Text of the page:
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I respect this post ("You have a set amount of "weirdness points". Spend them wisely.") I've come to really admire EA's ability to make first-principles moral philosophy feel normal. But, I Have Some Things To Add. I sense disaster lurking here. Heed me well, EA, and you may avoid it.

The phrase "You have a set amount of weirdness points" seems to promote a mindset of Weirdness Point austerity, and weirdness austerity would be devastating

You need to bear in mind all the ways that amount isn't fixed.

I forget whether it was Harari or Ada Palmer (maybe it was both), but I have heard a lot about a transition humanity underwent, from a mindset of stasis and finitude to a mindset of growth. Once people started to believe that progress was a real thing, it became a real thing, investments were made, technology grew, methods modernized, and life steadily tremendously improved.

We learned that we could make more of something that we had previously thought fixed.

It's very important to believe that there can be more. Weirdness points are useful. We should want more. Weirdness is, indeed, incredibly important. The less people are willing to deviate from society and hold weird beliefs, the harder it will be to improve society.

Elon Musk. There's a sense in which everything he's done is weird, reusable rockets, electric cars that were nothing like the electric cars we knew, starlink, and producing all that excitement about vacuum trains (which does seem to be amounting to something, gradually), but after a few successes, people updated fast. The more weird things he pulls off, the more people can believe in the next weird thing he wants to do will work. He figured out how to print weirdness points (stock).

Hideo Kojima makes a bizarre game about being a postal worker who hikes, and because he's Hideo Kojima, every game enjoyer I know assumed it was going to be good and played it because Hideo Kojima is someone who kind of does not have a set number of weirdness points (or money??) to spend. He has as many points as he feels like making. Be like Kojima. Practice drawing peoples' interest and earning peoples' faith.

There are also many domains where people exhibit an endless appetite for novelty, weirdness, there, is an attractor. They always want more. There is no set limit. Whatever psychological reaction is going on when a high-openness person pursues endlessly novel food or novel entertainment, we need to learn how to replicate it in civic/intellectual contexts.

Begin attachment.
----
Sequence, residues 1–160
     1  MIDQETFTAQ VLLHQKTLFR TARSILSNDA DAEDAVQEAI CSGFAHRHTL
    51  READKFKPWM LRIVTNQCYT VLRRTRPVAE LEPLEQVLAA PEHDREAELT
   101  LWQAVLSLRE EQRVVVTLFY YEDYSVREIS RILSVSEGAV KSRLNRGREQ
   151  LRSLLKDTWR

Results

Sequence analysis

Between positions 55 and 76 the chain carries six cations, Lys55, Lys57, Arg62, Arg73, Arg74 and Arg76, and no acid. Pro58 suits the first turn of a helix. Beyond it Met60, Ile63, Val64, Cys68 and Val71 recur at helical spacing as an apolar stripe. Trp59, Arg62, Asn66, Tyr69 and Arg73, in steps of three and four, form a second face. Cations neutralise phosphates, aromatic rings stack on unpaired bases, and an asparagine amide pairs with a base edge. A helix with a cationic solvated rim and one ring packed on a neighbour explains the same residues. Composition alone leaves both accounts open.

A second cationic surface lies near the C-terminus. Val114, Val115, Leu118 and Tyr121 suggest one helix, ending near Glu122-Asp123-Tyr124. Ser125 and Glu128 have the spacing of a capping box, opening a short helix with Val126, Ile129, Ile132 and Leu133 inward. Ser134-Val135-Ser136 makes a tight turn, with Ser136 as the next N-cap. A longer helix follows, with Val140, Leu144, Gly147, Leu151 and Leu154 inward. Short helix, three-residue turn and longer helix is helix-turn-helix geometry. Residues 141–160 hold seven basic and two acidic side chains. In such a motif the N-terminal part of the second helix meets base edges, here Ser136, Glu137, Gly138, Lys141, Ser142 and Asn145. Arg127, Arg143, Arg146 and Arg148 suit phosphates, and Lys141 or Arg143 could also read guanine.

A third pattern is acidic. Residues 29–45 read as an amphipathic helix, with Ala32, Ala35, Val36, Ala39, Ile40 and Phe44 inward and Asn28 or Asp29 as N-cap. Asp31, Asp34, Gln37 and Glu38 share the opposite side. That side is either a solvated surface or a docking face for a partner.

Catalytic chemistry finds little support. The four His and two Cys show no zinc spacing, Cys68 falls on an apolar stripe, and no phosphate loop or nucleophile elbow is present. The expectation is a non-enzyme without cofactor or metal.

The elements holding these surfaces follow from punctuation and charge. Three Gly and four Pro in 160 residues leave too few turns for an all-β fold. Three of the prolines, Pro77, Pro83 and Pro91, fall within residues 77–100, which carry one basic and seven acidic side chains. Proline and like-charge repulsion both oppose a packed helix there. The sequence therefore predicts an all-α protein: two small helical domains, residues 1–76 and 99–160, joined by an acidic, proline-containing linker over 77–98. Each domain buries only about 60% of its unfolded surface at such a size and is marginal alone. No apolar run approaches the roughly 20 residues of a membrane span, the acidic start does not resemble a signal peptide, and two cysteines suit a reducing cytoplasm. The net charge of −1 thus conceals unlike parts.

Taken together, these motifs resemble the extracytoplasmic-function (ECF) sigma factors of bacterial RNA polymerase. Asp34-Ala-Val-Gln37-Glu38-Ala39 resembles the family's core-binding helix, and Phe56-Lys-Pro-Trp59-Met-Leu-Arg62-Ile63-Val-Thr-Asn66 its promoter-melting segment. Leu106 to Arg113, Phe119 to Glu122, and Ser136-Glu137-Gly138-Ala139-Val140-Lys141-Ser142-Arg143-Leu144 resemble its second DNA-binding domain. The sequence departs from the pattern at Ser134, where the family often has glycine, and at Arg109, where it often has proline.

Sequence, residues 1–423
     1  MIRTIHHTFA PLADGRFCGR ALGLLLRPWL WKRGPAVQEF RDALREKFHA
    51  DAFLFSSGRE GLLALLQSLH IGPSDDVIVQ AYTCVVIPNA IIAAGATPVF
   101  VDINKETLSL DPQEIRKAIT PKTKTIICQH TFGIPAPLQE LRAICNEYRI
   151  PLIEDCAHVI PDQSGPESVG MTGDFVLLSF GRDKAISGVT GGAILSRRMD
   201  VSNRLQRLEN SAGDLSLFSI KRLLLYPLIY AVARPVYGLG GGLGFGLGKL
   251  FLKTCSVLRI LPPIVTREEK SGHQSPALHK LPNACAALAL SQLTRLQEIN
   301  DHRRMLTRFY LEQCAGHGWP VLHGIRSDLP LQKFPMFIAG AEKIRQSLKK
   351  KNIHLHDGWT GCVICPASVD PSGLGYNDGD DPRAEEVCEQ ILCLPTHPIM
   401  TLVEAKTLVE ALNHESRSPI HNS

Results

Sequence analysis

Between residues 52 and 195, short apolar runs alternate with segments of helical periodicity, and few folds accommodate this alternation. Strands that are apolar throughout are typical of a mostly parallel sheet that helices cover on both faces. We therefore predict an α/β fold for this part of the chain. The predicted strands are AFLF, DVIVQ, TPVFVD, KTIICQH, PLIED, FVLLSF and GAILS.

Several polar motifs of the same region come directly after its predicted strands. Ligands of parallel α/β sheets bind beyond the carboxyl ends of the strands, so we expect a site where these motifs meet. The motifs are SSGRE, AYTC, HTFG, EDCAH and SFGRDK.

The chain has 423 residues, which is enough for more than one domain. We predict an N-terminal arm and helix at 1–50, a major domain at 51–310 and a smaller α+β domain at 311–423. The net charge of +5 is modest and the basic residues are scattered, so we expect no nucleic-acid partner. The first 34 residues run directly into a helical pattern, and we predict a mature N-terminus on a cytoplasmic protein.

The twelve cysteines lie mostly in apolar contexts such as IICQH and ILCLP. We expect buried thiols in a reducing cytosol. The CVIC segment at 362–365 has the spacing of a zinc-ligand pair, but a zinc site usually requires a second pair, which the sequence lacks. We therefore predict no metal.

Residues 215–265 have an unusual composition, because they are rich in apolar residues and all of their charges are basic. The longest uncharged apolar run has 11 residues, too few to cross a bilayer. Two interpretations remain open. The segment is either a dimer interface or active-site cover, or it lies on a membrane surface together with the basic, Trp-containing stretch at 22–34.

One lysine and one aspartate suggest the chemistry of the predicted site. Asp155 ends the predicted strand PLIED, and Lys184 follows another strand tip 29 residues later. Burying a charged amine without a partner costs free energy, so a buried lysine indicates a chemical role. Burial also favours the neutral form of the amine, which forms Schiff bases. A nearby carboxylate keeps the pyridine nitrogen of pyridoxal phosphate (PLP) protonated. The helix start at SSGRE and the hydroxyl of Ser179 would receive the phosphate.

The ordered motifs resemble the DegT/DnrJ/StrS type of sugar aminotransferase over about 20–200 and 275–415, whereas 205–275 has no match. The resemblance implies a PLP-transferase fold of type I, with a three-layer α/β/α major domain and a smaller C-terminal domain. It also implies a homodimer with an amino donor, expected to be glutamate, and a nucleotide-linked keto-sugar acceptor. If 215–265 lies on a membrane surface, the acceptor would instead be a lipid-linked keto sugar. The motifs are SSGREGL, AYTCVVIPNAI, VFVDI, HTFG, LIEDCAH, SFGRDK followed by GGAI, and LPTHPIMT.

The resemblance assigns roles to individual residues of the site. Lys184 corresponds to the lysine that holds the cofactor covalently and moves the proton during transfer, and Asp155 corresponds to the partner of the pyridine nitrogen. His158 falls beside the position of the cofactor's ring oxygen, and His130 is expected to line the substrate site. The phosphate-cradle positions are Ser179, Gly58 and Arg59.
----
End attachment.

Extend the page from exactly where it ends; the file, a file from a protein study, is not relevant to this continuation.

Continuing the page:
In the same way that it would have been a tragedy if EA had convinced itself that it could not generate wealth and shouldn't aspire to, EA will be much less than it would have been, if it fails to explore routes to generating more faith or interest in the audience for novel ideas.

There is a wave still rising that must be ridden, weirdness is waxing and shows few signs of waning

The post was written in 2014. Power has shifted since then.

Trump was a weird and unexpected transition in global power that everyone in the world is reminded of the reality of every day. Weirdness is here and real and important. Everyone knows the normal world doesn't exist any more. The weird thing turned out to be true instead. Covid 19 was a weird and unexpected thing that people like us could have forewarned and in fact, Bill Gates was forewarning it and can now point to those speeches he made and say "I told you so" (though others are doing that for him). Covid 19 is a weird thing that forced its way into peoples lives, challenged them to deny its reality, then smote the people who did. If we forewarn more weird but inevitable things, we can gain massive quantities of credibility in a field where original thinkers like us are the only real players.

Saying all this, I'm starting to think that normalcy might be entirely the wrong aesthetic for anyone who still wants to be listened to 10 years from now. There's a dang cheeto in the whitehouse and every city in the world is full of scooters, and if Musk's "full autonomy in 2020" commitment is true then soon the cars will be driving themselves, and it looks like meat will start to grow without animals. There's chaos out there and whoever can demonstrate the hidden order in it will be recognized as its stewards.

I suspect that few true things are objectively weird or non-weird, it's all about the framing, and this framing is an art that we should all be practicing